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Oncology Nurse Career Overview

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What is oncology nursing? Oncology nurses specialize in treating patients who have cancer. Oncology nurses find this specialty demanding yet rewarding, especially as cancer treatments improve.

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What Does an Oncology Nurse Do?

ADN or BSN required
certification optional

Oncology nurse jobs involve caring for patients as part of a team led by oncologist physicians or nurse practitioners (NPs). They may also supervise nursing assistants. Key skills and responsibilities for oncology nurses include:

Primary Responsibilities

  • Monitoring patient progress and updating patient records
  • Administering treatment prescribed by physicians and NPs
  • Educating patients on treatment and preventing recurrence
  • Facilitating patient-physician communication
  • Providing emotional and psychological support to patients and families

Key Skills

  • Empathy
  • Communication
  • Collaboration
  • Continual learning

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Where Do Oncology Nurses Work?

Oncology nurses primarily work in hospitals, standalone cancer treatment facilities, hospice care facilities, and physician’s practices.


Oncology nurses in hospitals work with inpatients and outpatients, assist with treatments and operations, and monitor patient progress.

Standalone Facilities

In standalone facilities, these nurses facilitate communications and update health records with primary care providers, educate patients and families, and prepare patients for discharge.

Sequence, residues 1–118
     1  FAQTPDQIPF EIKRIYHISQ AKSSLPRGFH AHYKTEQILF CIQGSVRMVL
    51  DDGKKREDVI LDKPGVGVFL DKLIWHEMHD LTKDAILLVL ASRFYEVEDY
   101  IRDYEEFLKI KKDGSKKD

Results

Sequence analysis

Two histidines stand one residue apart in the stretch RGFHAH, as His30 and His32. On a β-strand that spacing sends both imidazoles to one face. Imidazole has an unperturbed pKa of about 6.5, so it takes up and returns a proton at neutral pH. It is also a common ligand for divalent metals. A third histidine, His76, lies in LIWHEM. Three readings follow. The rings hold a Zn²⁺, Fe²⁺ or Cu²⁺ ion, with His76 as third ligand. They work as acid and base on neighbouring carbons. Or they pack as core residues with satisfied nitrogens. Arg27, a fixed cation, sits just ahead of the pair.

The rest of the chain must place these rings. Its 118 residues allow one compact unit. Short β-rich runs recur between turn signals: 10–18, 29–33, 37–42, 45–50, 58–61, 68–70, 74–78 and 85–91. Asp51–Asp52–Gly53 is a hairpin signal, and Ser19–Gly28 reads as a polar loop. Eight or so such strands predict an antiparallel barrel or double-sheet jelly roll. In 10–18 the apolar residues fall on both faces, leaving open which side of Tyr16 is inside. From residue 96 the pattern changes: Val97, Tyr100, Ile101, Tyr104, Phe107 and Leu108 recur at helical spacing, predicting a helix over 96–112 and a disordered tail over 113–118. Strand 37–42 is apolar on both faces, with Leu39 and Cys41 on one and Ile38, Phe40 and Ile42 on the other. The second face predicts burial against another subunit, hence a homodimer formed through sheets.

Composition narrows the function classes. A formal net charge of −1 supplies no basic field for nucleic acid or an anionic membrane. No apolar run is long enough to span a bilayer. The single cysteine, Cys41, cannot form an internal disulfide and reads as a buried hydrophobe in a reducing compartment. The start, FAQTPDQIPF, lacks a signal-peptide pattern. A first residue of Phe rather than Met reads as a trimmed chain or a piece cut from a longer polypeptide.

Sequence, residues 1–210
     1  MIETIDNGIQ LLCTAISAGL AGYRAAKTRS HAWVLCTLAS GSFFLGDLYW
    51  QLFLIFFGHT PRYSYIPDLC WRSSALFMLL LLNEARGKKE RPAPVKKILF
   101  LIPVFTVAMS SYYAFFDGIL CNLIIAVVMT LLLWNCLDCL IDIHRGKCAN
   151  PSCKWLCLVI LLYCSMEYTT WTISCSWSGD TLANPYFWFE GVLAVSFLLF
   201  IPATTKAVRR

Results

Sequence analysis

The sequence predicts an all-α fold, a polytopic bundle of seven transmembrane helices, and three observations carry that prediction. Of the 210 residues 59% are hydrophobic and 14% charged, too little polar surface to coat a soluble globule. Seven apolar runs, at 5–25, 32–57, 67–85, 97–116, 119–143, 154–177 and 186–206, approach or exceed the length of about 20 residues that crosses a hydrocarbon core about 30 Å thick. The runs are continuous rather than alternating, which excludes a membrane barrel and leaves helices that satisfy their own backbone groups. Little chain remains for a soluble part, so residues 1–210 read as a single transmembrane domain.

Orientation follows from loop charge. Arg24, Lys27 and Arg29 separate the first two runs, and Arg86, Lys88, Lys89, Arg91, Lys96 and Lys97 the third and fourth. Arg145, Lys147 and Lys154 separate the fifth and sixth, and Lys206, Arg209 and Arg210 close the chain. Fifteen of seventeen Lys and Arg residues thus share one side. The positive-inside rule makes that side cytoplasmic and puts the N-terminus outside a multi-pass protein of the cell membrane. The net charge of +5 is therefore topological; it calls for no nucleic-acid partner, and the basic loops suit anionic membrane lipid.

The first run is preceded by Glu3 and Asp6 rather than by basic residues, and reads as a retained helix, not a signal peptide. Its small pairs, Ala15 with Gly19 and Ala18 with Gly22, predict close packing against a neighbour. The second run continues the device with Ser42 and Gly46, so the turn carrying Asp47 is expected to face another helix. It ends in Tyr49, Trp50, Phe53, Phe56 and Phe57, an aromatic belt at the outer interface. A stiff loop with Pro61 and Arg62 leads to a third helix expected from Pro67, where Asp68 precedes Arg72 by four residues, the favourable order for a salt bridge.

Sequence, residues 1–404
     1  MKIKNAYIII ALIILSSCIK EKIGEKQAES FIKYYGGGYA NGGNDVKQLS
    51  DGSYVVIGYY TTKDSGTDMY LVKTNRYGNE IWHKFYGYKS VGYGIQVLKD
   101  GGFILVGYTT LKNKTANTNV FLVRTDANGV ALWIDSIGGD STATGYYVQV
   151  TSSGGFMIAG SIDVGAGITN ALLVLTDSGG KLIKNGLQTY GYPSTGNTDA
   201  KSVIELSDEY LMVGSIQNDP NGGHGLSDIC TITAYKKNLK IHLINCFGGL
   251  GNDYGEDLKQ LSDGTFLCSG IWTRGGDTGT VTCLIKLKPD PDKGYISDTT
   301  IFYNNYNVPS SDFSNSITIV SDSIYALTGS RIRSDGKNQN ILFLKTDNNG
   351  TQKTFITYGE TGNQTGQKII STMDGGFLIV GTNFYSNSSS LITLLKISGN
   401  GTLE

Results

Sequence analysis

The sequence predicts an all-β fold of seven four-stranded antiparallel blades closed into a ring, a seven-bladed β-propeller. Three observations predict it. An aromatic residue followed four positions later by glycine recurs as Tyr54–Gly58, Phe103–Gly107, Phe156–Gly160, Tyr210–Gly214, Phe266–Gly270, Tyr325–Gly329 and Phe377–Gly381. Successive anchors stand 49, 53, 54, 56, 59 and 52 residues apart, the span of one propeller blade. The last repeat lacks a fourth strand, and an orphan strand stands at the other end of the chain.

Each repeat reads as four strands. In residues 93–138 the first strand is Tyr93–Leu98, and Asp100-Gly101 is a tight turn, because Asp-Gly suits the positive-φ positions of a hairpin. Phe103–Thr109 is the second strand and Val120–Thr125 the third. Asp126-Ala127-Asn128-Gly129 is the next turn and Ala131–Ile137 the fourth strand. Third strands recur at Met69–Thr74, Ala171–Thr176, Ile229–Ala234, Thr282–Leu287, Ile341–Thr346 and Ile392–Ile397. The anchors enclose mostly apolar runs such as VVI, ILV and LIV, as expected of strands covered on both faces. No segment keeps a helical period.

Hospice Care

Oncology nurses working in hospice care facilities assist terminal patients, administer palliative treatments, and support patients psychologically.

Why Become an Oncology Nurse?

Oncology nurse jobs can be both emotionally rewarding and stressful, especially for pediatric oncology nurses. However, as cancer care continues to improve, oncology nursing presents more rewarding opportunities for employment. Salaries for these nurses typically rank above national averages.

Advantages to Becoming an Oncology Nurse

  • Ability to help patients and their families when they need it most
  • High level of trust and respect in communities
  • Salaries well above the national average

Disadvantages to Becoming an Oncology Nurse

  • Can be emotionally stressful
  • May be blamed by families for negative outcomes
  • High burnout risk

How to Become an Oncology Nurse

Graduate with a bachelor of science in nursing (BSN) or an associate degree in nursing (ADN).
This is the first requirement for becoming an oncology nurse. A BSN takes four years to complete, while an ADN requires two years. Many jobs require either a BSN or for a nurse with an ADN to acquire a bachelor’s within a certain period.

Pass the NCLEX-RN exam to receive registered nursing licensure.
This national exam includes questions about conditions, treatments, patient psychology and communication, and legal/ethical issues. It takes up to six hours.

Gain experience in oncology nursing practice.
Registered nurses (RNs) can begin oncology work in entry-level positions. After two years as an RN and 2,000 hours of oncology work, a nurse can apply for certification as an oncology certified nurse (OCN).

Improve your job prospects by becoming an OCN.
Certification is not mandatory for entry-level oncology nurse jobs but is helpful. Certified nurses demonstrate their value when competing for oncology nurse specialty jobs and advancing in their workplaces.

Advance your career with a graduate degree.
Many oncology nurses become advanced oncology certified nurse practitioners by earning a master of science in nursing (MSN) and receiving advanced certification. NPs have more autonomy and earn higher salaries.